That being said, visit SIPA! See if it is a good fit, as well as NYC. While here explore the City. It can be quite daunting if you don’t know where to start. One of my passions before coming to SIPA was splurging on food. My desire for quality food has not diminished, although my wallet has since I am now a full time student. So, I have created a list of AMAZING restaurants to try when you’re here, while on a graduate student budget. This is clutch. These restaurants are scattered throughout Manhattan which will allow you to explore your new home if you decide to enroll. Good luck on your application and bon appetit!



Beware: cool stuff in NYC on a grad-student-friendly budget

Orientation week has ended.  Classes have begun.  One of our new students at SIPA, Joel Putnam, MPA 2015 posted this in our new student group discussion group but we thought this would be great to share with anyone thinking of coming to New York — the best city in the world.


It’s been great meeting so many of you guys, finally! Since orientation was (understandably) focused on what’s happening in the IAB and on campus, I thought I’d toss a few ideas to orient new New Yorkers to cool stuff in the city on a grad-student-friendly budget. Because if you spend your two years here and never go below 90th or east of Central Park, you are making a huge mistake (or, as we like to say here on the internet, yr doin it wrng).

First off, New York has a lot of cool sights to see, but you probably know about all of them. Statue of Liberty, Times Square, etc I’m not worried about you missing. The really cool thing about the city in my opinion is what’s happening here at any given moment. There are lots of ways to find cool stuff in this category, but my two favorite are these:

NonsenseNYC Mailing list— weekly mailing list with all kinds of crazy stuff going on. Music? Check. Standup Comedy? Check. Pillowfight wth hundreds of people in union square, bring your own pillow? Check. Much of what’s listed is a little Brooklyn-centric, but that’s kinda the nature of NYC culture at the moment.

The Skint Blog: Emphasis here is on free and cheap. Aside from cool happenings around town, it often features giveaways and other really good deals on food, drinks, etc. Posted daily with special weekend editions.

Aside from that, Time Out NY ( is also very good and is much more comprehensive than the other two. I find it more useful as a reference than inspiration, just because it has so much stuff that it will sometimes get a bit unwieldy. Also of note (though with less cheap and slightly male-centric slant) are Thrillist ( and UrbanDaddy (

Aside from those, some people swear by Groupon (, LivingSocial ( and other similar daily coupon sites. I’ve never liked them as much myself, but I’m not you, and you might find they’re useful if you sign up. Costs nothing up front and you can always cancel.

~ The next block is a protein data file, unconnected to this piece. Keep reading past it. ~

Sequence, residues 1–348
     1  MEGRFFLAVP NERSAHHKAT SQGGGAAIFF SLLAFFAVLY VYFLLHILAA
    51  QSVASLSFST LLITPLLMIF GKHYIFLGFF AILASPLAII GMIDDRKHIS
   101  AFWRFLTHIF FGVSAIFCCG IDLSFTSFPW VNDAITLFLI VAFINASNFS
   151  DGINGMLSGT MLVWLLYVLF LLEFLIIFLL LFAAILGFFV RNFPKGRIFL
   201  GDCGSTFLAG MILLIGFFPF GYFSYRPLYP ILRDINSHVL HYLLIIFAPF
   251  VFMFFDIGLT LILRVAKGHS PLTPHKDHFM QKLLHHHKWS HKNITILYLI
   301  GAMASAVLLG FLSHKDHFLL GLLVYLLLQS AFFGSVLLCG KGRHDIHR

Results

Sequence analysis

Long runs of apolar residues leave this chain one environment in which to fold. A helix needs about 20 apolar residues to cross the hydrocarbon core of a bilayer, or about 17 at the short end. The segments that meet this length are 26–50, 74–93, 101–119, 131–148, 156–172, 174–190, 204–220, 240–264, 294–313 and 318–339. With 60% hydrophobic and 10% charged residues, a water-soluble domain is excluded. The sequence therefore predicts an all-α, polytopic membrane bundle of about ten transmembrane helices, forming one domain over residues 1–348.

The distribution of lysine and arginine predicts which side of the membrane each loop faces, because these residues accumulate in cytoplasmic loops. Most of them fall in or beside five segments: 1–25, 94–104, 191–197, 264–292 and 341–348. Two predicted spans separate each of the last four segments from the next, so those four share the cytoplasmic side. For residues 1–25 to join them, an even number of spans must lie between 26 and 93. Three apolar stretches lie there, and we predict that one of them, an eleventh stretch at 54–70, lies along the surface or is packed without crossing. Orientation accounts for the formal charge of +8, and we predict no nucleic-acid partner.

Don’t forget your unlimited 30-day metrocard for the subways and buses (yes it is overwhelmingly worth it unless you’re very very rich and can take taxis everywhere). Don’t bother with the “express bus+ Subway” metrocard unless you’ve got family way up in Kingsbridge, just get the regular card, it’ll get you everywhere you need to go, buses included. Finally consider a citibike membership if you don’t own a bike. I know it doesn’t come up to Columbia and won’t till we’re long gone, but it’s really handy in a pinch when you’re out exploring with friends, especially late at night.

Live Like a College Student, Not Like a Rock Star

Most SIPA students have, since they were last enrolled in college, worked full-time and began establishing careers throughout the world, living on their own, perhaps marrying and starting families…these experiences are part of the perspectives that they bring with them to SIPA.  And it’s normal for lifestyles to change during the period of young adulthood…nicer clothes, a bigger apartment, more restaurants and fewer ramen noodles, maybe finally scrapping that 1991 Honda and buying a new car.

But when people make the decision to be a full-time graduate student, it may mean a brief period of financial adjustments and temporarily resetting priorities.  You are entering a rigorous academic program and are very unlikely to be able to hold down a full-time job or anything close to it.  Financing options are certainly available to help defray costs that you cannot cover out of pocket, but don’t forget that loans have to be repaid later…it’s hardly the same thing as income.

NYC housing prices make it worth the effort to find a roommate or two.  Pare down the wardrobe (you’ll quickly observe that SIPA is a pretty informal place in terms of fashion).  Parking in the city often makes a car more trouble than it’s worth, and no city anywhere has more mass transit options.  New York may be home to countless trendy restaurants that foodies from around the world flock to, but food trucks and bagel shops serve up good food at affordable prices.  Find the cheap eats, they’re all over our neighborhood.  Learn where and when Columbia University student ID cards get you reduced prices (or better yet, free admission) at museums or concerts.

Give yourself a budget and work hard to stick to it.  About 40 percent of SIPA students rely on student loans to meet some of their tuition and/or living expenses, and student loan repayment is flexible and manageable, but debt is debt and shouldn’t be taken on just to maintain lifestyle choices for the 21 months you’ll be a SIPA student.  It’s one thing to choose to live like a college student while you are one…it’s another to have to later.


"The most global public policy school, where an international community of students and faculty address world challenges."

—Merit E. Janow, Dean, SIPA, Professor of Practice, International and Economic Law and International Affairs

Boiler Image